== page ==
Tokyo-based designer David Guarino has retired this most hardworking of transport platforms to a breezy, sun-soaked existence on Japan’s Morito Beach. Caban, as Guarino calls it, is an entire beachfront cafe built from wooden pallets, along with a few other materials sourced from the region.
National Geographic - Photographer: Bertrand Garbel - Green walls could save energy - Paris
The future of the urban landscape?
While matchboxes are not only infrequently used but also produce an almost negligible amount of one of the least harmful wastes- this is neat. I like the idea of packaging that is biodegradable, I mean duh, we all do. It’s just cool to see people actually doing it. Kind of. In concept. :]
SOCCET: the energy-harnessing soccer ball by uncharted play
The SOCCKET is a durable, energy-harnessing soccer ball. Using Uncharted Play’s patent pending technology, the pendulum-like mechanism inside the SOCCKET captures the kinetic energy generated during normal play, and stores it in the ball for later use as an off-grid power source. Just 30 minutes of play can power a simple LED lamp for 3 hours. more
Everyone is familiar with the vending machine that spits out a can of coke or a bag of Skittles.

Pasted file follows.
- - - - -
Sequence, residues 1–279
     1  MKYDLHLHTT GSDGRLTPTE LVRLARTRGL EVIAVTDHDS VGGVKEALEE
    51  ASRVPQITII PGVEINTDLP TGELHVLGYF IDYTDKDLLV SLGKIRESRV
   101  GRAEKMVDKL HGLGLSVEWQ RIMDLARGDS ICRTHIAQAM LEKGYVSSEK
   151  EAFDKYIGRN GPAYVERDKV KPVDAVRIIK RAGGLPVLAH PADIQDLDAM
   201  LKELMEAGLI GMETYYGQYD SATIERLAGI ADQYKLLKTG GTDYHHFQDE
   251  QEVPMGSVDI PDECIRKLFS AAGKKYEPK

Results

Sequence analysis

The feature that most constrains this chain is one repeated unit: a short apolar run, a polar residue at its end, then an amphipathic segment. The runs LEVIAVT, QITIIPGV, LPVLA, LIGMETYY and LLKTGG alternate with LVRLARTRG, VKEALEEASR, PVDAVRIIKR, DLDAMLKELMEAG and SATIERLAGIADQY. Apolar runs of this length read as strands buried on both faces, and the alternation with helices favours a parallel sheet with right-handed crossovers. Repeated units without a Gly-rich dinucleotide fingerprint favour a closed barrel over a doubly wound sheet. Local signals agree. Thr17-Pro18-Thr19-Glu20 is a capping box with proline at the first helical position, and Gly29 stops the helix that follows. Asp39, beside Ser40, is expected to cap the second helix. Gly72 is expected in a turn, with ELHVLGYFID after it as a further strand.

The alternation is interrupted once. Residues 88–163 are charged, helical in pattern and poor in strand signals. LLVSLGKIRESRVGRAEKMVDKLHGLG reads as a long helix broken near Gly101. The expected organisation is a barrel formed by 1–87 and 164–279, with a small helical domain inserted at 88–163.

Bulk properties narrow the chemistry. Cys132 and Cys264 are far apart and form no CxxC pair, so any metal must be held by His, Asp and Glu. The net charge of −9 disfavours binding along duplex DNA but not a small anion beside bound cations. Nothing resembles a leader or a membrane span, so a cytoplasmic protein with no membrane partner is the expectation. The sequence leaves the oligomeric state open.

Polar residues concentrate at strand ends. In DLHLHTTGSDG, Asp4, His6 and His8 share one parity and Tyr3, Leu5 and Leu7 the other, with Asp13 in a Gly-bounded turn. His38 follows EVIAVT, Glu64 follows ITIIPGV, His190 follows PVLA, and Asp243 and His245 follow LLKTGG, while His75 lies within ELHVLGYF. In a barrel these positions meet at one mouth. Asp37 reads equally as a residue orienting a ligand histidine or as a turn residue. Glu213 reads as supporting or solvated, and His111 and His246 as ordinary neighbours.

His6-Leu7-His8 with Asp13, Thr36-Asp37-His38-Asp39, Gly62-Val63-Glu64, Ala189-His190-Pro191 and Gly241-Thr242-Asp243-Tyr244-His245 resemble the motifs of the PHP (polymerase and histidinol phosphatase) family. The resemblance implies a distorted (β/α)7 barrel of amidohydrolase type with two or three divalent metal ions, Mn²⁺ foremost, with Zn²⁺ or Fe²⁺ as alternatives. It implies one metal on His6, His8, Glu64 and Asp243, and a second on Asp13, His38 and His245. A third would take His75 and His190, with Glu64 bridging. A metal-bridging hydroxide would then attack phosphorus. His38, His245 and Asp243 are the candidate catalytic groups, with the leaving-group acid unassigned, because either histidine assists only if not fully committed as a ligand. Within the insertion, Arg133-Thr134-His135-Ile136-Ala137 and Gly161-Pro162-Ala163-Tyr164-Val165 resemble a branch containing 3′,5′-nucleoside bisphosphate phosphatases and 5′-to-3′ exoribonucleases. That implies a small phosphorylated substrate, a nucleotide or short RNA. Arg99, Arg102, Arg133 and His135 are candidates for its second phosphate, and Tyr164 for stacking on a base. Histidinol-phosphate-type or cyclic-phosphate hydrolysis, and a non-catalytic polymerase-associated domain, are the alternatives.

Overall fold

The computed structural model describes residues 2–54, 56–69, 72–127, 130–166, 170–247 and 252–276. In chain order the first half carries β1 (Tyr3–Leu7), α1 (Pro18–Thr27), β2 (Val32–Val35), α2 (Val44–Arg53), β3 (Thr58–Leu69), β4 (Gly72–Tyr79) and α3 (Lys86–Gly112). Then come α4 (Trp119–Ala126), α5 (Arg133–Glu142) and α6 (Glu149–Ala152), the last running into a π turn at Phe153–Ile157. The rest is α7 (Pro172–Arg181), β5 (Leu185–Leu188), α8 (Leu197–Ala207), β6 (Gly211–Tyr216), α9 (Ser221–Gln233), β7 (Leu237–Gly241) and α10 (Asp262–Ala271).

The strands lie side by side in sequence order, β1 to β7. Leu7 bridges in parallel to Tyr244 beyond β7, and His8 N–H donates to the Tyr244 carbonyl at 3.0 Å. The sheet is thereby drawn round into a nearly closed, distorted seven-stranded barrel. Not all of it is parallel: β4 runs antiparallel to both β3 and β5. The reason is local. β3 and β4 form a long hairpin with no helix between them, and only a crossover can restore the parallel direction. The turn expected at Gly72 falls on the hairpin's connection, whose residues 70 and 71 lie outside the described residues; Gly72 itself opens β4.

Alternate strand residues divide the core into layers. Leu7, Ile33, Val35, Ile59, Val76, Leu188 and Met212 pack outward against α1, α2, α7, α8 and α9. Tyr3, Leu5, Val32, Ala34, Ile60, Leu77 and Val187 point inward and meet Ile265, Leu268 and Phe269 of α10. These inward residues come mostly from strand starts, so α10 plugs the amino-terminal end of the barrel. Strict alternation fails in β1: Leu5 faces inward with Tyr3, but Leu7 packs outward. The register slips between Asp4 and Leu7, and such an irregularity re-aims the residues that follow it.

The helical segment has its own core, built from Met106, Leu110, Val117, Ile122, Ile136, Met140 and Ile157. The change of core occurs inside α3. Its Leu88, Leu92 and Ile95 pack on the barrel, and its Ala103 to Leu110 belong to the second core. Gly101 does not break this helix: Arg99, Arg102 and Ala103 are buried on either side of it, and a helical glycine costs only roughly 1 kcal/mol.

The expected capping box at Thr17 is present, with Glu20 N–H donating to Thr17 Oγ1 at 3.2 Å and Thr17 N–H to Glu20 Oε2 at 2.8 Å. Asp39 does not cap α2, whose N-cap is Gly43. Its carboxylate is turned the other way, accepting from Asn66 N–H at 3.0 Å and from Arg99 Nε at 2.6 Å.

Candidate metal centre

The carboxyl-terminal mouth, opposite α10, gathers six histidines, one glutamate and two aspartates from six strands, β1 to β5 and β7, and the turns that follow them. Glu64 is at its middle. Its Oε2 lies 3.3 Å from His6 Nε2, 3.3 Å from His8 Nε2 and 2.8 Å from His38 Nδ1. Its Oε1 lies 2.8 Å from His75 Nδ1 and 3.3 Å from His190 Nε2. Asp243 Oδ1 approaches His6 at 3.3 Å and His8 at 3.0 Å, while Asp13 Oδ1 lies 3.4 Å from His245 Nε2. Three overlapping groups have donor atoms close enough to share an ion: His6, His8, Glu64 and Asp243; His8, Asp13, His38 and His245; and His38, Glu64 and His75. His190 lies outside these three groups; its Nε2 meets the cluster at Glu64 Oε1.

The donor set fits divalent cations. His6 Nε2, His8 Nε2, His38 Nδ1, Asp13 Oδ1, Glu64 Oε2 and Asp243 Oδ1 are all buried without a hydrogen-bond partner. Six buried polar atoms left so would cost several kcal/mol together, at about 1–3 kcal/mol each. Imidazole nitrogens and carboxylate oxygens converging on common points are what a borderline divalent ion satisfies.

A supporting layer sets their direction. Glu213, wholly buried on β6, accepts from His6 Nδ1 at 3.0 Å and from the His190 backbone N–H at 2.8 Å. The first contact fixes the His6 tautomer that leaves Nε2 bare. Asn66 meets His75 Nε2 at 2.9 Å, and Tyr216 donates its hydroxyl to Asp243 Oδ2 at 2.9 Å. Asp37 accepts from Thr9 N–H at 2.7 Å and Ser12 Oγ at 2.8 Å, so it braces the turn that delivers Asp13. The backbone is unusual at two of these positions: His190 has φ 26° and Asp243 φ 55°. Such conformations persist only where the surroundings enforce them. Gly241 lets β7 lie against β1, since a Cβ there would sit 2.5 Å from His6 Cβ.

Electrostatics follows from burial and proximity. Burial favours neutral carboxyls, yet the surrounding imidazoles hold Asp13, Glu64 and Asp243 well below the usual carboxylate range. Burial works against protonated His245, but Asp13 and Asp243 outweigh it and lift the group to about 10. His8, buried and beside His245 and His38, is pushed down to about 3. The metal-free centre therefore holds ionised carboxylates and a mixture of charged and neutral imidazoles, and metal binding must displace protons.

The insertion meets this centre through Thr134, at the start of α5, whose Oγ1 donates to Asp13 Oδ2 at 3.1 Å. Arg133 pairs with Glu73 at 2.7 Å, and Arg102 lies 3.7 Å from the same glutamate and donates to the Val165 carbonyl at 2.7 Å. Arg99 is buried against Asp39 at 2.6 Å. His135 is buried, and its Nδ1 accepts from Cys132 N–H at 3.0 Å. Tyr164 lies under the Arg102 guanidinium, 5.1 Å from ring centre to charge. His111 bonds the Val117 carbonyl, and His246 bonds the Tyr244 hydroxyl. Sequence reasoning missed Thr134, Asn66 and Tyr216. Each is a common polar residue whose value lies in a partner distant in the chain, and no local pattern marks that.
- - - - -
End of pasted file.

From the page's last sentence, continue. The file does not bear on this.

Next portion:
However, if you like cold, hard cash better than the cold, hard candy, here is another dispenser you might be interested in - the Reverse Vending Machine, which rewards users coins in exchange for their empty plastic bottles.
Too wicked, that’s a reward system people can get behind!
Coal vs. Natural Gas Quiz
How Well Do You Know Your Fossil Fuels?
Every year, Americans throw out 70 million tons of packaging. We can do better. Email or tweet at your favorite brand and ask them to consider one of these solutions to make packaging disappear.
A Gobi Desert Hotel Designed to Float on Sand!
as well as generating its own electricity and water
Take a 3D printer, waste plastic, four brilliant minds and the charity Water for Humans and you have one very interesting project indeed.
WOOF (Washington Open Object Fabricators) won the 3D4D Challenge back in October for their design that will take waste plastic out of landfills, break it down and, using a 3D printer, turn it into composting toilets and rainwater harvesting systems for the developing world. Talk about two birds, one stone.